A comment to the previous post about soccer treat mom's possibly kinder ulterior motives reminded me of this website alllooksame I stumbled upon a few years ago. I thought I was more sensitive to the differences between Japanese, Korean and Chinese cultures than the average Joe. By the time I took this test, I attended school at the University of Hawaii for one lovely too short semester where I porked up on Asian food like there was no tomorrow, and there weren't too many tomorrows, one semester was all I got, but you name it, I ate it and I ate a lot of it, with two scoops rice and kimchee. All my roommates were Japanese Americans who shamed me into using chopsticks by telling me that 5 million Chinese pre-schoolers could do it so then so should I. And of course, by the time I took the alllooksame test I had traveled to China a couple of times and had read Red Scarf Girl and Wild Swans and whatnot trying to understand modern Chinese history so I could wrap my head around the genesis of the misbegotten one child policy that ultimately brought me to my children. I figured if I couldn't affirmatively recognize something as Japanese or Chinese, well then, it must be Korean by default and if it looked like bulgogi, I couldn't miss.

So I felt confident as I took the test (you go to the exam room link on the right side of the home page). I would have done okay if the test for cultural awareness had been limited to identifying pictures of food, but it wasn't and as it turned out I am just average at identifying the differences between these three major Asian cultures based on the seven other categories contained in the test. But, hey, I sure know my Asian food. So I guess it's a start.

A well meaning friend (and one who does not for sure read this blog) gave me an antique doll dressed in a unmistakably Japanese costume (and even if she did, wouldn't recognize herself because she wouldn't know that the doll wasn't wearing a Chinese costume) before Ellie came home, truly a thought that counts kind of gift. I'm still not sure what to do with that doll.

So it would not have occured to me that soccer treat mom was making a nod at my kids' birth country because they weren't born in Japan. And of course, I'm too self-centered to ascribe any other motive to soccer treat mom other than
a bald faced attempt to make me feel more inadequate than I feel almost every minute of every day as a parent. To stick the knife in and twist where I'm most vulnerable because it is all about me, always all about me. Next thing I know soccer treat mom will inviter herself over to my house so she can shut the hall door real fast and make the dust bunnies jump. She's diabolical.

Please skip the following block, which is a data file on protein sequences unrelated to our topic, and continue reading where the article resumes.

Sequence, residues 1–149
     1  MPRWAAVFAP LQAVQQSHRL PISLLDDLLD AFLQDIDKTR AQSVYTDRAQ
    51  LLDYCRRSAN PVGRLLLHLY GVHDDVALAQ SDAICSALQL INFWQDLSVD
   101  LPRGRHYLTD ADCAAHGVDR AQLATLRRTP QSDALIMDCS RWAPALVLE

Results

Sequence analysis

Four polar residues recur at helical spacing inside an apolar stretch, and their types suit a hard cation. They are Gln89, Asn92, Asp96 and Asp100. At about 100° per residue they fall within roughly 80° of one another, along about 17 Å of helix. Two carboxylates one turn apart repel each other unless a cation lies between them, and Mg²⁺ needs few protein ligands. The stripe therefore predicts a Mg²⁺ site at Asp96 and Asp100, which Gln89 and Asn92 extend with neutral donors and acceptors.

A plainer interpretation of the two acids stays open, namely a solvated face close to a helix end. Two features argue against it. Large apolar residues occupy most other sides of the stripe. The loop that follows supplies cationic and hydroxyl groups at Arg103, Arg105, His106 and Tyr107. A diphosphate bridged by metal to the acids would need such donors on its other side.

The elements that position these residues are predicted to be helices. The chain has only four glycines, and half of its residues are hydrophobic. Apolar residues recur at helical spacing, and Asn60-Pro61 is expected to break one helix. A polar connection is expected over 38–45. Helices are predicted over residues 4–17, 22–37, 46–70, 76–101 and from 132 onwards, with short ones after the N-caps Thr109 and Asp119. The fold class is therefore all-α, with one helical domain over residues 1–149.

Saturday, September 06, 2008

Saturday Soccer Sushi

This is the first year that I've signed up the little girls for soccer. I could just never figure out how to get everyone to games and practices at different times on different fields, so I didn't push it. I figured if the little girls were interested enough in playing soccer they would nag me, but the guilt got to me first. Ellie has played on a recreational team for many years. She's not exactly in it for the athletics, but I thinkshe enjoys being on a team with a lot of her friends from school and if she wasn't having fun, I figured she let me know and she could stop, but so far, she's hanging in.

The guilts finally got to me though because I also know that the little girls would like to be on a team too, but they don't know enough about how things work to know that they just had to ask me to get what they want. I think they trust me to give them what they need and if I haven't given it to them, they must not need it. So I fudged YuYu's birth date a little so they could all play on one team. I have to rely on parents of girls on Ellie's team to ferry her to games I can't get to on time because I'm with the little girls (which was tough for me to ask for help, so stupid, but I am growing up a smidge). So for the next two months, someone will have soccer practice every night but Thursday and my Saturday mornings will be spent in a folding camp chair yelling until my throat hurts, but hey, it's only two months. And I never was a yeller before, but you try having half the team consist of your own kids (5 and a goalie for the little girls) and see how quiet you remain. Not.

But I have to tattle on the the treat mom this morning. And I could just kick myself for not getting a better picture. I sneaked this picture because I knew I was going to mock her and I felt badly about stealing the image. She probably thought I was some kind of royal wingnut when I sneaked this photo of her treat tray, but swear, I totally passed the camera around at Ellie's game later this morning because none of those parents have ever or would ever go to this level of effort for soccer snacks. I should have flattered excessive-effort-treat-mom and told her a lie like that I wanted pictures for my SIL or just made up someone who always has their eye out for cute kid treats, because no lie, these things are cute, but who was the cute aimed at? the kids or the parents? But I didn't think fast enough to flatter her with some load of crap so I could get a better shot, so this was all I got, but can you see what she's got going on here on the decorative pewter like tray?

Is this any better? can you see the bamboo sushi rolling mats atop a grass green sheet of what, who knows? and she even included a set of artfully placed chop sticks, no lie.

What the hell? who does she think she is setting the treat bar so high on the first game of the season? I, for one am neither impressed nor intimidated (well, yes actually a little bit of both), so boy are these kids going to be disappointed next week when I rip the top off a box of granola bars from Costco and hand them a warm juice bag and call it good.

Over-the-top-treat-mom made Rice Krispie sushi treats, damn. Maybe its the all the accessories that got to me the most, but geez, seriously? no one really expects their kids' soccer treats to get food styling points, or have I been living in a bubble?